Just for a moment, forget about revenue and earnings per share. The most interesting number out of Hewlett-Packard’s earnings announcement this week was this:
That’s the profit margin CEO Mark Hurd and his team squeezed out of HP’s (hpq) services business on the way to an impressive first fiscal quarter. The significance of the number? When Hurd bought lumbering services giant EDS for $13.9 billion a year and a half ago, he embarked on the corporate equivalent of that weight-loss show, "The Biggest Loser." For HP to win, the former EDS has to drop weight. And the surest sign of weight loss is healthy margins.<!-- more -->
That 15.8% means those margins are up 3 points from a year before. Not bad. Of course, not all the news is rosy; services revenues were actually down 1% year-over-year, and margins dipped a bit from the previous quarter. Numbers like that don’t typically stand out in a quarter where HP’s overall sales were $31.2 billion, up 8%, and cash flow from operations was $2.4 billion. And HP has a long way to go before its services business gets to the same league as, say, IBM (ibm). But still, I’ll argue that the most important takeaway from the period is this: even when it has a rocky quarter, HP is disciplined enough to keep its services biz on a healthy weight-loss regimen.
If you're one of those folks thinking, who cares about services? Dig into HP’s overall numbers a bit, and it becomes clear why that’s so important. PCs and printers get a lot of attention because they are HP’s legacy businesses – together they delivered half of the company’s revenue. But these days, services – things like data center management and software development outsourcing – are already shaping up to be the biggest single contributor to HP’s financial results.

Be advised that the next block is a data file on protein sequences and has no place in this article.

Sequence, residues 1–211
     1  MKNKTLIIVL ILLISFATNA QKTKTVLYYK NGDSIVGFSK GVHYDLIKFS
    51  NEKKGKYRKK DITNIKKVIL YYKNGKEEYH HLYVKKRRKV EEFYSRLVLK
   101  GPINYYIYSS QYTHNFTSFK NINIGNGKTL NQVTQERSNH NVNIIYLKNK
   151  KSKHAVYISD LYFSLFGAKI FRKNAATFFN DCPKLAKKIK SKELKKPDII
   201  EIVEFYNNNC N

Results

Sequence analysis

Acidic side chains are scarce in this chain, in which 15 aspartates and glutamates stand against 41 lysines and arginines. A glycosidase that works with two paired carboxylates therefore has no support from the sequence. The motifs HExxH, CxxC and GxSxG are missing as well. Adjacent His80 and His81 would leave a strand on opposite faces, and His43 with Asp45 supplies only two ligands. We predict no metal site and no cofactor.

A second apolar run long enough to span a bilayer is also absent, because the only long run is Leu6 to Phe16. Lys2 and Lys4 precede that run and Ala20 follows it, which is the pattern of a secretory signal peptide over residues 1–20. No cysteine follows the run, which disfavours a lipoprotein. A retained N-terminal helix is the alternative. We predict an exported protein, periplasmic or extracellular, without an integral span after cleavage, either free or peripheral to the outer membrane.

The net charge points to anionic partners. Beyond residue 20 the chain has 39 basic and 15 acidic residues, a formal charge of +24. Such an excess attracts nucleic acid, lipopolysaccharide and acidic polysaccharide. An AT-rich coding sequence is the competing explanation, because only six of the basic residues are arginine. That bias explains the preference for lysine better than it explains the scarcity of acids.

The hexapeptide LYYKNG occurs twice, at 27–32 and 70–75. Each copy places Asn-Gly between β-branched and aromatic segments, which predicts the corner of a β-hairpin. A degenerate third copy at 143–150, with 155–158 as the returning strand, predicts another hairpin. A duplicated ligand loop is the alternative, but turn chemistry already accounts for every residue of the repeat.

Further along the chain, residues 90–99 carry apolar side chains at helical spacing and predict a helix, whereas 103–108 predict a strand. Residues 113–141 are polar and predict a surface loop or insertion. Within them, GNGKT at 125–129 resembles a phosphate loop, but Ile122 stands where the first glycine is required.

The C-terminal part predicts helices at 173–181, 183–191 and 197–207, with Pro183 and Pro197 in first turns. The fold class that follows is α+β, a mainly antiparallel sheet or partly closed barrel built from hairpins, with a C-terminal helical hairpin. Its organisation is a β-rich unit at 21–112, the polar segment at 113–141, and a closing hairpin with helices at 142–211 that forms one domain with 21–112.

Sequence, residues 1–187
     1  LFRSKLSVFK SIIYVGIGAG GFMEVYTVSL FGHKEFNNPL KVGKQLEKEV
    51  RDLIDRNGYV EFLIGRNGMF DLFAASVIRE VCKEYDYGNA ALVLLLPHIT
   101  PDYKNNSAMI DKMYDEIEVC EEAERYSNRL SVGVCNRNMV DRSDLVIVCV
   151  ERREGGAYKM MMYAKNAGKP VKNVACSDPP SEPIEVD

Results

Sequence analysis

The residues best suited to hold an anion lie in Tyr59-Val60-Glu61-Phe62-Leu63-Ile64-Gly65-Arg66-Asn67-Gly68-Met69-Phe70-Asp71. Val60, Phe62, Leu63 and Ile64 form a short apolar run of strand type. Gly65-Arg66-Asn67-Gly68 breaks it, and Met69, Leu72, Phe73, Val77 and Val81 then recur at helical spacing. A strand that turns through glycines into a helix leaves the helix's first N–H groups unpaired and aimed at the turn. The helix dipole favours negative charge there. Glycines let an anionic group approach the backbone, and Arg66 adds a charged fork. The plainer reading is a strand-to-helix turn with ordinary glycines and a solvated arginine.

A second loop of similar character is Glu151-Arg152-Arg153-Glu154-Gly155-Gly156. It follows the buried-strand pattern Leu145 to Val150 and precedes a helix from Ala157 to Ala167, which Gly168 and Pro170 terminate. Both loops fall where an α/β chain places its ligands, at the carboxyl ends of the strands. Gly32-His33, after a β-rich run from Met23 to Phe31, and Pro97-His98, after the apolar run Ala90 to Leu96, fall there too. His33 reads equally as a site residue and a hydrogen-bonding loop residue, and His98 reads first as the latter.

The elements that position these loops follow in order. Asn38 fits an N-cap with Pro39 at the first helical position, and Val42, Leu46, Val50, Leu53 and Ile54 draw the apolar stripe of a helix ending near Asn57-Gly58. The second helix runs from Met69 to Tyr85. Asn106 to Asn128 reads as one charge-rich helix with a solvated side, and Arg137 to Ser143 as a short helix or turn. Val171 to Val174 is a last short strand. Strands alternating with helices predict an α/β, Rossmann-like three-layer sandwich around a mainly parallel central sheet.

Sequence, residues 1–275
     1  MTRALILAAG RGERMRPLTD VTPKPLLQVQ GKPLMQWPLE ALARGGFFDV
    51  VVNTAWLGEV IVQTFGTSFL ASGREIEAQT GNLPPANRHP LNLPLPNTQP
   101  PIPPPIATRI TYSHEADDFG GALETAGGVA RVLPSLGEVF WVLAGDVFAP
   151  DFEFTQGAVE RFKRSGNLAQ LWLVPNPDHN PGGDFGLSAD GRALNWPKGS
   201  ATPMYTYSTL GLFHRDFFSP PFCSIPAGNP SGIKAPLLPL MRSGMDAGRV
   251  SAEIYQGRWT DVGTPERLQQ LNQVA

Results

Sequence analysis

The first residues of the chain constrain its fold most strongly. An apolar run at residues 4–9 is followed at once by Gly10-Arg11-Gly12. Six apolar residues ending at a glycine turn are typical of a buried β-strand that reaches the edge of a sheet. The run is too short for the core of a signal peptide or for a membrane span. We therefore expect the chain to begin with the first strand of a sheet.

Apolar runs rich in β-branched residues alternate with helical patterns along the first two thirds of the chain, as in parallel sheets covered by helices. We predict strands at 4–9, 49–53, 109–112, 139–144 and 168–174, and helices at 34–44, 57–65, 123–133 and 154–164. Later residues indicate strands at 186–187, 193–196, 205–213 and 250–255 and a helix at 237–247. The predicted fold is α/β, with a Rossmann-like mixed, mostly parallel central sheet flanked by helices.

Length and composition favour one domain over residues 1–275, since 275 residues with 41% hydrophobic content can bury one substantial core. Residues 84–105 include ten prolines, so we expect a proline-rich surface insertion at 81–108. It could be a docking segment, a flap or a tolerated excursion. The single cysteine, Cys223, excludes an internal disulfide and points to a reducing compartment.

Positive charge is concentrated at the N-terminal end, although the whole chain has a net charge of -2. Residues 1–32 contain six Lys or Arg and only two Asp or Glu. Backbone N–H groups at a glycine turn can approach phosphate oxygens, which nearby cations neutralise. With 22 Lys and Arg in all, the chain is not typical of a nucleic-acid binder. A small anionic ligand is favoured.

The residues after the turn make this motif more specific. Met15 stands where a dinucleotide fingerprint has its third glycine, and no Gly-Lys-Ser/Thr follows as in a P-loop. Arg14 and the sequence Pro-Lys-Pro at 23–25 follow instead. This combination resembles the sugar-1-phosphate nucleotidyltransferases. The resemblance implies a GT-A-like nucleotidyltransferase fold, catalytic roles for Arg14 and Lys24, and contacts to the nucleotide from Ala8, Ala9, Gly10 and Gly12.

Take a look: Though the PC group generated more revenue last quarter ($10.6 billion versus $8.7 billion for services), the services business generated three times more operating profit. In fact, services operating profit ($1.4 billion) even outpaced that of HP’s notoriously profitable printing group ($1.1 billion).
Here’s where those margins come in. Even though the services group brought in 1% less revenue last quarter than a year before, its operating profit was up about $300 million – that’s 27%.
If Hurd can get services revenues humming again after a weak quarter – and on the analyst call he said services and software are showing signs of renewed vigor – the profit payoff should be very nice indeed. We’ll see how he does at next quarter’s weigh-in.